Rotary International District 1100
Home | The Kenya Project (Briquettes) | Briquette Pilot Project Report
Briquettes replacing Carbon as alternative fuel
Environmental Pages - Briquettes Replacing Carbon
(Alternative cooking fuels)
PILOT PROJECT (June/July 2011)
Sponsored by Rotary District 1100
This †pilot reports from five groups (4 schools and one 1 youth group) and covers the manufacture and distribution of 5 prototype briquette-making machines. Expenditure for the pilot includes the time spent by KCCP management and field staff on distribution of the machines, training of the groups, reporting and miscellaneous costs.
The project prototype briquette-making machine
This has been a success. The machine (made from box-section metal) is less costly to make, more efficient and more portable than the more traditional wooden machine. The prototype produces 8 uniform, doughnut-shaped briquettes, ideal for use as cooking fuel in the traditional stoves .
Distribution and Training
The five machines were distributed in late June, by private and public means (one travelled 200kms on the roof of a matatu (mini bus)! Training was initially carried out by the designer, Peter Thuo. Subsequent training was carried out by Interclimate staff. The training involved basic instruction on use of the machine (including safety and security). The main part of the training covered the making of briquettes, including the alternatives for the mix of ingredients depending on local availability and the briquette-making process itself. The options for publicity and raising public awareness, amongst the school population and surrounding community members, was also explored. An 'Action Sheet' on briquette making (PACE) was distributed to support training.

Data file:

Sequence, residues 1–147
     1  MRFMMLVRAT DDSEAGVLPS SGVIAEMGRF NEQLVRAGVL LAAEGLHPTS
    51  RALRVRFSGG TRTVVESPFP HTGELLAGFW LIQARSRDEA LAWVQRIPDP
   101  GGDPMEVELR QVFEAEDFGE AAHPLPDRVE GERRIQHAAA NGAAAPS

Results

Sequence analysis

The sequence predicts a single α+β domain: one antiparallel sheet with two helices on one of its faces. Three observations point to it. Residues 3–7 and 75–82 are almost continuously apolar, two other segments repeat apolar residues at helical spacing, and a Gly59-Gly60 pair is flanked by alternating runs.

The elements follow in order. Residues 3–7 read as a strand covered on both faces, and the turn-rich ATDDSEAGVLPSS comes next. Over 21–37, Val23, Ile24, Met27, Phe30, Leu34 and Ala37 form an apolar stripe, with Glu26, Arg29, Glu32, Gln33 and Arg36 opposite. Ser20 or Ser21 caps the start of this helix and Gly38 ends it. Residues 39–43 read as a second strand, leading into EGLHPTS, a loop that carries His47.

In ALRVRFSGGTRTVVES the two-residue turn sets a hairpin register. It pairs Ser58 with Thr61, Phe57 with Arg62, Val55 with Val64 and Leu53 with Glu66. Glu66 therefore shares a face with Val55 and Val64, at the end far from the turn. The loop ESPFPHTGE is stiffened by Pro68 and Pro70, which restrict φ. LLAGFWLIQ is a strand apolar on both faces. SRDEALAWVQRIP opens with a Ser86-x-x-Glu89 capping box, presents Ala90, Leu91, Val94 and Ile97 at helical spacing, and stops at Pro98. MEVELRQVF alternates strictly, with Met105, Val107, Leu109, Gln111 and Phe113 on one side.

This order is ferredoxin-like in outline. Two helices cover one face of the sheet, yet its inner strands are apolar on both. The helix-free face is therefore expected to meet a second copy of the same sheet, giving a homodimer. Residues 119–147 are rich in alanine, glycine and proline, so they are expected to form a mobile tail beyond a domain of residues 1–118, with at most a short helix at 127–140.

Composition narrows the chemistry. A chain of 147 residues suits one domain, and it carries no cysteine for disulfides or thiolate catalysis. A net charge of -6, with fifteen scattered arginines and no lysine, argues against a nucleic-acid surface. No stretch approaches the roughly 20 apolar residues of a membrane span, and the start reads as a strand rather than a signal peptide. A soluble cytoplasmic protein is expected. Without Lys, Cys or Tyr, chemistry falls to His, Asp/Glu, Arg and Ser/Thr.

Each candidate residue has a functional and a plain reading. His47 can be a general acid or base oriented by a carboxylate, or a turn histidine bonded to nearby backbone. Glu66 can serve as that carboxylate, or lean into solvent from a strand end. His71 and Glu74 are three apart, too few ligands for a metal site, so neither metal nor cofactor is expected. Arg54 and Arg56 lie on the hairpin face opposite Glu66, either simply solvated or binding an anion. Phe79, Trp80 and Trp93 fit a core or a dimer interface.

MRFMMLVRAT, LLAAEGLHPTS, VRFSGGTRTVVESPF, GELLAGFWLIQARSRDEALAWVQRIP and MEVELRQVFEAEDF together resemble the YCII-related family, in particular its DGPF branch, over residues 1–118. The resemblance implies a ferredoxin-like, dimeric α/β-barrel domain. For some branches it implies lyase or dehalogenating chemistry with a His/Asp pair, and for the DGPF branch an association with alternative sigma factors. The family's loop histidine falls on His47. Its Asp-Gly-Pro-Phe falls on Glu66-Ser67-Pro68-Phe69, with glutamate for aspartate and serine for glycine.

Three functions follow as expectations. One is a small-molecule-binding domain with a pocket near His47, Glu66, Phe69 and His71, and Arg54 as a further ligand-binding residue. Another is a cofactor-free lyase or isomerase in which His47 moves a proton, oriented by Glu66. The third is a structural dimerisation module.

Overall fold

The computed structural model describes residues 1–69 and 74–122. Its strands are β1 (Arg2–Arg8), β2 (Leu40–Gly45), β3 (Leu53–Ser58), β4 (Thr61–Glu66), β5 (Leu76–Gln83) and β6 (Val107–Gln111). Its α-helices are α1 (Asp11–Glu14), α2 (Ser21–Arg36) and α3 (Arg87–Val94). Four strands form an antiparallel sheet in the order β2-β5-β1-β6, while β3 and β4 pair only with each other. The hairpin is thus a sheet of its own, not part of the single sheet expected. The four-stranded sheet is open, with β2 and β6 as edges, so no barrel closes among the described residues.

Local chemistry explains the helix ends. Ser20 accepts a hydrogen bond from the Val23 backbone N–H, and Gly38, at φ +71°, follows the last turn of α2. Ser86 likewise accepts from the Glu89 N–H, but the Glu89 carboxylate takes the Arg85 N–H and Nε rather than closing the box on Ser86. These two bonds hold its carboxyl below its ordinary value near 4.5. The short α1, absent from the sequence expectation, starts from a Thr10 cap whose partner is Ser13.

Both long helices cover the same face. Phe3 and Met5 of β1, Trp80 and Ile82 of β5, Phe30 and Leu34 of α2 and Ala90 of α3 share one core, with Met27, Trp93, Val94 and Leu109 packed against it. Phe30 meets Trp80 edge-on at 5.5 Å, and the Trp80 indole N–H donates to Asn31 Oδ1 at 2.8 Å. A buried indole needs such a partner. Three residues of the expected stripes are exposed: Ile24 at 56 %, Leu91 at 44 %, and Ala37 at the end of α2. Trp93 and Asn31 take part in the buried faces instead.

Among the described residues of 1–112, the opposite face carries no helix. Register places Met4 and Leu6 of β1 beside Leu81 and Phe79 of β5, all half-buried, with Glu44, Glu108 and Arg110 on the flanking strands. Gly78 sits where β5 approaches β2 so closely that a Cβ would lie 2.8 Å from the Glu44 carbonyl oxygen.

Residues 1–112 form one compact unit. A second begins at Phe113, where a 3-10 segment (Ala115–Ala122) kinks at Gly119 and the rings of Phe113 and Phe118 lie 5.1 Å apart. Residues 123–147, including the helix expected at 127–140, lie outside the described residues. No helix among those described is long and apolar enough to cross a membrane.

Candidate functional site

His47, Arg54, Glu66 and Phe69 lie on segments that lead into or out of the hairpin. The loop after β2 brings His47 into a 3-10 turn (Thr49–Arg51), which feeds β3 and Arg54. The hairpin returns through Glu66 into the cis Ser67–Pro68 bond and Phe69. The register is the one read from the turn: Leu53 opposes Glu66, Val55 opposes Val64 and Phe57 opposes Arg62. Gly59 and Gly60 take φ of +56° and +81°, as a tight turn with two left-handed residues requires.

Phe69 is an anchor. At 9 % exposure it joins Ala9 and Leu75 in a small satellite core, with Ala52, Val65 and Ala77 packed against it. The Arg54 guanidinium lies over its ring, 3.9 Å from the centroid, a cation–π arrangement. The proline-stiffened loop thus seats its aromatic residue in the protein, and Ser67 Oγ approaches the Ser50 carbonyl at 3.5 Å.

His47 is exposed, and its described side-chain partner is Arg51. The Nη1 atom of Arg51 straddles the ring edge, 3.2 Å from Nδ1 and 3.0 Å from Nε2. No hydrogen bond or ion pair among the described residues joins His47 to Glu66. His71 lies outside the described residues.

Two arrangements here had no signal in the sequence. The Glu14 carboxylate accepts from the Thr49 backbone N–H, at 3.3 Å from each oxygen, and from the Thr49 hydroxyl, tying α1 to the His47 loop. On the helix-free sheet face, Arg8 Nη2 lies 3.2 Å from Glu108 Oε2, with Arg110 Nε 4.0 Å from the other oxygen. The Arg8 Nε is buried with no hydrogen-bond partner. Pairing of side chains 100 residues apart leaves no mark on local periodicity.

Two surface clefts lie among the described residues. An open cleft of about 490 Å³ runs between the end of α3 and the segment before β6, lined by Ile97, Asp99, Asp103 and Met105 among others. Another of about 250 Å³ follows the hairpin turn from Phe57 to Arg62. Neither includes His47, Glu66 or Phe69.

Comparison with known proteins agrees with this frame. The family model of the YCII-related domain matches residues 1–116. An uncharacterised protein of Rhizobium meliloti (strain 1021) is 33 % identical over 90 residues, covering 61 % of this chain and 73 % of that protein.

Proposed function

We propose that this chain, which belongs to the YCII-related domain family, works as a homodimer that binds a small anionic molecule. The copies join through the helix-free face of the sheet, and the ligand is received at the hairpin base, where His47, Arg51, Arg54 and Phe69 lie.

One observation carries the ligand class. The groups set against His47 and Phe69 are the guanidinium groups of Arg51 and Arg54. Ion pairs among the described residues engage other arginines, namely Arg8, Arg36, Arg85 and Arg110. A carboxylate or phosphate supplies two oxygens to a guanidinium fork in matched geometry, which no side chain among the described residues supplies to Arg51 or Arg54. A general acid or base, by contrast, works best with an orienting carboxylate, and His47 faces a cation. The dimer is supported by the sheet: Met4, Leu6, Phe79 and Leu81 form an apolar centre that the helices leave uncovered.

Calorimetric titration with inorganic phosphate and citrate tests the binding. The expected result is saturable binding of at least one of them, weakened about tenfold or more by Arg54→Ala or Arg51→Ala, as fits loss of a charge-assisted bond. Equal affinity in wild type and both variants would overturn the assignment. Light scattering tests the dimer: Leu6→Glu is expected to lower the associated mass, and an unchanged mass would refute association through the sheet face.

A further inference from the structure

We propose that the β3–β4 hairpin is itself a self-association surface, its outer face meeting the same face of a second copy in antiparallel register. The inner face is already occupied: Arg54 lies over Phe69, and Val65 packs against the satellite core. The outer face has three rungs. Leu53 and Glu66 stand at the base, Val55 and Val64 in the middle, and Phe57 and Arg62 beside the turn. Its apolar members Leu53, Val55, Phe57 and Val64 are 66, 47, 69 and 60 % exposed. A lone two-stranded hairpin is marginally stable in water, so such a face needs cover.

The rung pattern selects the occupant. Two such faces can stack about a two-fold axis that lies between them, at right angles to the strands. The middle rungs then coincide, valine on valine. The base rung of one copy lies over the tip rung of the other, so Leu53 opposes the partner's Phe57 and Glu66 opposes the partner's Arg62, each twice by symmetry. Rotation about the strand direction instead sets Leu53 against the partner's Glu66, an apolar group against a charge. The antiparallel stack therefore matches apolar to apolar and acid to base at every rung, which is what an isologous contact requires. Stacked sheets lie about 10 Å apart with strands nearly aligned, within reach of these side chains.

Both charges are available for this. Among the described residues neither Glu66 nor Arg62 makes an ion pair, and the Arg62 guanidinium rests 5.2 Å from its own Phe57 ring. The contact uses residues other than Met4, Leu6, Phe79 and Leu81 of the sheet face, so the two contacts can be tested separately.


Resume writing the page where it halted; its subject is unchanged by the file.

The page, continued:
Conclusions (See also results per school attached)
The product is showing good burn characteristics against charcoal..
- Whilst pricing still needs further work, innovative routes to market have been explored.
- The students see in the project both as an important contribution to limit deforestation and as the†potential for sustainable self employment.
- The logistics and cost of training combined with the extent the machines are likely to be used means that 2 related and neighbouring schools can effectively share a machine, thus reducing the cost per school and making the program more efficient.
Roll out Phase 1 Ė
The next stage is to distribute briquette machines to 20 clusters of two schools composed of a Secondary School and a feeder Primary School.
For Rotary Clubs sponsoring this project the cost per installation for TWO schools is £175. The break-down being as follows:†
|††††††† Supply and Macnufacture of Machine||£††80†|
|††††††† Project Management||£† 26|
|††††††† Follow up and Reporting||£† 22|
Roll out Phase 2 -
A second wave of up to a further 50 installations is envisaged.
The project is receiving a lot of focus given the priority which Government gives to sustainability and the protection of the forests : a potential roll out to 25000 schools is possible if results are positive and well presented.
Back to the†introductory page on this project